* CrapsaccharineWorld: One of the better examples portrayed in scripted TV. The world of professional sports looks very sheen and high class on the surface, but on the business end, questionable practices and shady internal politics often rear their ugly heads. The San Diego setting also brings home a high quotient of beautiful women, which makes it hell for the engaged/married players. But even these temptresses come with their own agenda, as many of them aspire to get impregnated by a Sabers player for child support. Backstabbing is quite common amongst businessman and players, simply to reach their aspiring goals ([[LonelyAtTheTop and may come with a cost for those who abandon their friends along the way]]). For players who act wisely on and off the field, they won't have many regrets come retirement time, but with the number of people chewed up and spit out by the perils of the professional sports life, it's the exception more than the norm.
* DarkerAndEdgier: The fourth season, most notably. Even then, it's not too drastic.
** Perhaps most noticeable with Malik's friend Terrence (or T.T) who practically never had a serious, dramatic line pre-cancellation, recieved a subplot where his girlfriend cheats on him with [[spoiler:Malik]].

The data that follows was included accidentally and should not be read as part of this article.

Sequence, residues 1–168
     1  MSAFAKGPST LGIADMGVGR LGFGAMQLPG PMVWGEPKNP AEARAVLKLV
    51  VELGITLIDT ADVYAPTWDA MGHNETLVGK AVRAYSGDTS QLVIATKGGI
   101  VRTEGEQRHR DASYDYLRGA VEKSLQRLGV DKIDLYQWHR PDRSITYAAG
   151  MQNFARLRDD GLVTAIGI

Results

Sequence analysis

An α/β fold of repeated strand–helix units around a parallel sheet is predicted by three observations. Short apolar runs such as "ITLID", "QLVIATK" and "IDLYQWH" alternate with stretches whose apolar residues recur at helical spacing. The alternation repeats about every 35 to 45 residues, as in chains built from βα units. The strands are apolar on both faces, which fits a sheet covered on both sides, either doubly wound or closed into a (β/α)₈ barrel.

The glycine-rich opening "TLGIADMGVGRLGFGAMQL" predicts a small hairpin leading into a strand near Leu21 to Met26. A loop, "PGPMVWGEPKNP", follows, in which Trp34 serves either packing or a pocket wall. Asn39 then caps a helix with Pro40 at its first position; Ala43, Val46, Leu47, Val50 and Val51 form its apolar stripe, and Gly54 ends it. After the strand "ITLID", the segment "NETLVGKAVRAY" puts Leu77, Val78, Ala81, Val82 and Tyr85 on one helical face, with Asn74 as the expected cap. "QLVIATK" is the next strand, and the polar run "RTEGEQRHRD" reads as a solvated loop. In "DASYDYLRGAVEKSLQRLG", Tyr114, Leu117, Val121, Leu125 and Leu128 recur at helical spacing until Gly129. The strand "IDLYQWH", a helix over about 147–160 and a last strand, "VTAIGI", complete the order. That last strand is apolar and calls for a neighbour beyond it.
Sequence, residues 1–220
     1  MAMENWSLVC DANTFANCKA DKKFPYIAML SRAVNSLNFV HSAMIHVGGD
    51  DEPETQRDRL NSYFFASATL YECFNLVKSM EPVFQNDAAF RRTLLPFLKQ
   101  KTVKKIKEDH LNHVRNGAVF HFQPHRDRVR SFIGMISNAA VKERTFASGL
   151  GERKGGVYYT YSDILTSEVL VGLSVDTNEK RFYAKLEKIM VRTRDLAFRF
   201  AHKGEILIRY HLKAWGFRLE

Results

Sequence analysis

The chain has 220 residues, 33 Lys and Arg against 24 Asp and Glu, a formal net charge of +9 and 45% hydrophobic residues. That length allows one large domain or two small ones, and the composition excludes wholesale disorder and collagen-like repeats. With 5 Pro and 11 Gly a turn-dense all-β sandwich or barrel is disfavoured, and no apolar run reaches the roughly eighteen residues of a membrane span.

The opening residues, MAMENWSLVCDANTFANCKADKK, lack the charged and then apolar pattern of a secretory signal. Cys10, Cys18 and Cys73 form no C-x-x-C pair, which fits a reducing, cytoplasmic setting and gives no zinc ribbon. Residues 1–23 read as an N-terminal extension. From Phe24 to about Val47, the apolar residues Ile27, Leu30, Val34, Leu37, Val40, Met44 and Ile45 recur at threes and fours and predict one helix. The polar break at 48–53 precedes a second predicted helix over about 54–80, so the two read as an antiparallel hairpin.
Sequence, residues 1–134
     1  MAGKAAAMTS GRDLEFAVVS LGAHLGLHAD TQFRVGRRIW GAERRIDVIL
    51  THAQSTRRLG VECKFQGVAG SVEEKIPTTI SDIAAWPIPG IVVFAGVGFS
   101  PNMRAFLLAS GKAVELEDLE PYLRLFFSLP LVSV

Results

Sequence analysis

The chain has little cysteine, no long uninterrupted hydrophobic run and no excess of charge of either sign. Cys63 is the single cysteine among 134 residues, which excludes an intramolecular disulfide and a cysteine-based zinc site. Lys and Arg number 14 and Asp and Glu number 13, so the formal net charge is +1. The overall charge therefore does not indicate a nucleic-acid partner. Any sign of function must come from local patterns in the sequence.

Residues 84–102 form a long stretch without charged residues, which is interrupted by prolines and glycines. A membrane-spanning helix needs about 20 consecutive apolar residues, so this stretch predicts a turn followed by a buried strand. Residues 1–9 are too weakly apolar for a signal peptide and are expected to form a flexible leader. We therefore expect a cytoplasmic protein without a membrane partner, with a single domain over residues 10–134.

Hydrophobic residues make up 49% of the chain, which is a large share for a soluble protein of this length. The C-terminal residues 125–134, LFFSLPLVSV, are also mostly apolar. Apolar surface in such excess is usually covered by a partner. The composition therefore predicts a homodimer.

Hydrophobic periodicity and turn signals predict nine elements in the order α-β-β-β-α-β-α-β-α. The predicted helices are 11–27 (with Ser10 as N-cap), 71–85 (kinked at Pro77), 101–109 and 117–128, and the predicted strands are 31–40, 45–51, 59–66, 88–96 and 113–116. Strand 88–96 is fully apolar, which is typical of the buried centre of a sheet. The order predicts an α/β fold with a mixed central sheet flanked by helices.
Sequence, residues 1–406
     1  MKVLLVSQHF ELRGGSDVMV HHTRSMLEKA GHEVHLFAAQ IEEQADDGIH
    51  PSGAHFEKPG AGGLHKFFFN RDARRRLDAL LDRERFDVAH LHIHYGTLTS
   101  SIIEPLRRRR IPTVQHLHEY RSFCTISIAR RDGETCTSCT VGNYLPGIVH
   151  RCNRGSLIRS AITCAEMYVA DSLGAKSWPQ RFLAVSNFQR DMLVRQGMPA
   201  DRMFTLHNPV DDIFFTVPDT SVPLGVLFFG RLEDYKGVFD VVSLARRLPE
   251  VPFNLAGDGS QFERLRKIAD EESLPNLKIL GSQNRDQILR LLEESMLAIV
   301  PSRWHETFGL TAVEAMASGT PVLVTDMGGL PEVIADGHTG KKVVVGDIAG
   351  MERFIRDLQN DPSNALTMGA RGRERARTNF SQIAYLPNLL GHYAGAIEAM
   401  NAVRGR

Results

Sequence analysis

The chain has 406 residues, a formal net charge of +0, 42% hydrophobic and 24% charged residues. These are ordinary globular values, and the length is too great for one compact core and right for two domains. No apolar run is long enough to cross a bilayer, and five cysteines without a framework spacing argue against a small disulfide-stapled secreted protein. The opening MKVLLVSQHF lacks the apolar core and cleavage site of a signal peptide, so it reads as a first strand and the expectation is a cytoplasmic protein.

** Season five, though far less depressing than the previous season, went even further this direction.
** The whole show is this compared to the series it technically spun off from, ''{{Series/Girlfriends}}.''
** It got to the point that in the BET seasons, the laugh track feels forced, uncomfortable, inappropriate, and out of place in the middle of all the heavy drama. As early as season six, they ditched the laugh track completely, and humorous moments are now [[CerebusSyndrome very few and far between]].
* DepravedBisexual: Averted. The only bisexual woman shown so far turned out to be pretty modest and respectful, even with her open-minded sexulity.